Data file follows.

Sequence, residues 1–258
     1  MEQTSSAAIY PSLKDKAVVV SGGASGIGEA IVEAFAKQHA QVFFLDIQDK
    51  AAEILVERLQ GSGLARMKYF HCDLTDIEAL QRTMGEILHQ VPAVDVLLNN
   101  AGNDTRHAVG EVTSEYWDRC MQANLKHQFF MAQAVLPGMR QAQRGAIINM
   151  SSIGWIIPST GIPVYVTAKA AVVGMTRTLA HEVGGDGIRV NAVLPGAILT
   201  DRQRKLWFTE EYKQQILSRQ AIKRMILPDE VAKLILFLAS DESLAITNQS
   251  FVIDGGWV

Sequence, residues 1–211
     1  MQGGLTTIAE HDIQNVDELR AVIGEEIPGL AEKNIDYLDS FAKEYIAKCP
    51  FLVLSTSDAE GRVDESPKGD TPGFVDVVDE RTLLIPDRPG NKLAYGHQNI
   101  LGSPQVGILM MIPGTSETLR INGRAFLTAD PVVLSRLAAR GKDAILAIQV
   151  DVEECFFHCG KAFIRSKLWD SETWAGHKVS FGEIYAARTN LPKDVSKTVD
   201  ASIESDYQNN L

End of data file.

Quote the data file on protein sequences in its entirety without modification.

Sequence, residues 1–258
     1  MEQTSSAAIY PSLKDKAVVV SGGASGIGEA IVEAFAKQHA QVFFLDIQDK
    51  AAEILVERLQ GSGLARMKYF HCDLTDIEAL QRTMGEILHQ VPAVDVLLNN
   101  AGNDTRHAVG EVTSEYWDRC MQANLKHQFF MAQAVLPGMR QAQRGAIINM
   151  SSIGWIIPST GIPVYVTAKA AVVGMTRTLA HEVGGDGIRV NAVLPGAILT
   201  DRQRKLWFTE EYKQQILSRQ AIKRMILPDE VAKLILFLAS DESLAITNQS
   251  FVIDGGWV

Sequence, residues 1–211
     1  MQGGLTTIAE HDIQNVDELR AVIGEEIPGL AEKNIDYLDS FAKEYIAKCP
    51  FLVLSTSDAE GRVDESPKGD TPGFVDVVDE RTLLIPDRPG NKLAYGHQNI
   101  LGSPQVGILM MIPGTSETLR INGRAFLTAD PVVLSRLAAR GKDAILAIQV
   151  DVEECFFHCG KAFIRSKLWD SETWAGHKVS FGEIYAARTN LPKDVSKTVD
   201  ASIESDYQNN L